The 49 to 1 tap uses the SS eye bolt for the feed through electrical connection and the SS machine screw on the top is the 64 to 1 connection. If I want to use the 49 to 1 ratio, there’s a jumper on the eye bolt that connects to the top machine screw where the antenna wire is attached. The jumper shorts out the last two turns of the UnUn. Disconnect the jumper from the top connection and now you have a 64 to 1 ratio.
Continue reading Shorting winding sections of a ferrite cored EFHW transformer
RF Power Meter 2 is a logging RF power meter based on AD8307 and ESP8266.
The original LCD display was white on blue, but was very difficult to read at some viewing angles, so it had to go. Unfortunately I could not find more displays with that hole pattern, it seems to have been discarded for a newer hole pattern as almost everything I looked at had the same newer patter.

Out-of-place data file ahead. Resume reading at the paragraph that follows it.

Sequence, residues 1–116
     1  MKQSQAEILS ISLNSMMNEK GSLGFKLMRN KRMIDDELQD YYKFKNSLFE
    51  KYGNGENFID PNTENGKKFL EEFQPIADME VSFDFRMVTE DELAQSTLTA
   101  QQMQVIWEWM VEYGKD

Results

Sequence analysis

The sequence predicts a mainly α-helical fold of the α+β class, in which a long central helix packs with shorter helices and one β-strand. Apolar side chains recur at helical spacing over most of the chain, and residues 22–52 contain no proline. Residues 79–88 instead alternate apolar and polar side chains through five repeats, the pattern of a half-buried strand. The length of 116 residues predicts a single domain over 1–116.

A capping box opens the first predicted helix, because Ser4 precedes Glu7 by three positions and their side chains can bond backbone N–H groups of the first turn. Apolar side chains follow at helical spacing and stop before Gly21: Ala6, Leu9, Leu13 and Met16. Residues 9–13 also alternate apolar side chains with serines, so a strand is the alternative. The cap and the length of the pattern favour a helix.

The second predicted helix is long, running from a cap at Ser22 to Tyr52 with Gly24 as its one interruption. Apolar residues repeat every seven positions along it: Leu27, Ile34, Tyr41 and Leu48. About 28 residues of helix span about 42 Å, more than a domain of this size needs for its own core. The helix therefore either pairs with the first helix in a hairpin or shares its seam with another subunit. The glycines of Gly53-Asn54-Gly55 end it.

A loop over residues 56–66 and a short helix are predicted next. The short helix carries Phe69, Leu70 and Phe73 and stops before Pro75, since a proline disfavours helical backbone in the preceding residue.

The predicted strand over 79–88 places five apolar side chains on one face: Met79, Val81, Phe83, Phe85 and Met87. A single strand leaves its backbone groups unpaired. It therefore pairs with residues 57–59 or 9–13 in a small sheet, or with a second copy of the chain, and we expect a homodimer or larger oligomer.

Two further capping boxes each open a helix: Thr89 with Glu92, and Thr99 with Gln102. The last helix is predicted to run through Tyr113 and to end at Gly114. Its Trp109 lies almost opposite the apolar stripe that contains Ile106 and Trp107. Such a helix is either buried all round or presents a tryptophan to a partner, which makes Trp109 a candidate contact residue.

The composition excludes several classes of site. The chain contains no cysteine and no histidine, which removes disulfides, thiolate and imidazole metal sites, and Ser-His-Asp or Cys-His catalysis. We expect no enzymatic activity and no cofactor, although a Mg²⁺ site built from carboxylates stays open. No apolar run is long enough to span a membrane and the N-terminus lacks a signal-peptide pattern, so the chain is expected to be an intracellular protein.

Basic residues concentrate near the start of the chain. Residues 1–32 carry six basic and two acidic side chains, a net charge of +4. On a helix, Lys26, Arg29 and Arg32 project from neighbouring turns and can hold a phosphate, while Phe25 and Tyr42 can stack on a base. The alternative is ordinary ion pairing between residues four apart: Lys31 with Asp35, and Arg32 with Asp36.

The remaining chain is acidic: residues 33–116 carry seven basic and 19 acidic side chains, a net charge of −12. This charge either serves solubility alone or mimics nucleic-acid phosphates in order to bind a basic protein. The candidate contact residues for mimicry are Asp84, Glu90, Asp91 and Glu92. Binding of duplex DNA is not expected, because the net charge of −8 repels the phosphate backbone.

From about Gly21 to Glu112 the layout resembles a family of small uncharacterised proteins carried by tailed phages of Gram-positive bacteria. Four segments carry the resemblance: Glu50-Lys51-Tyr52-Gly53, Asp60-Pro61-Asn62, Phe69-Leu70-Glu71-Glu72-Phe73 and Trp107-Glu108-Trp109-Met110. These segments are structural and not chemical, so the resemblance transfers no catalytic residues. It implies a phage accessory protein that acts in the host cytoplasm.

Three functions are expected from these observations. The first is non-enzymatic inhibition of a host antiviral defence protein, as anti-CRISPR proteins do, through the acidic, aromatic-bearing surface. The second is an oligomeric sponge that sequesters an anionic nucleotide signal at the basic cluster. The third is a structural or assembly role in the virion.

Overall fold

So, the box front needed rework, and there would be visible spare holes… so a dress escutcheon was designed in Freecad and cut on a CNC router.
The escutcheon was designed to be cut from some 3mm black acrylic sheet that was on hand, and it would cover the reworked panel. Continue reading RF Power Meter 2 (RFPM2) – display update
This article offers a simple Simsmith model for the Small efficient matching transformer for an EFHW.
Above is the model topology. D1 is a daemon block which essentially, calculates key values for the other blocks based on exposed parameters and the named ferrite material complex permeability data file. The prototype used a Fair-rite 2643625002 (#43) core. Continue reading Small efficient matching transformer for an EFHW – a Simsmith model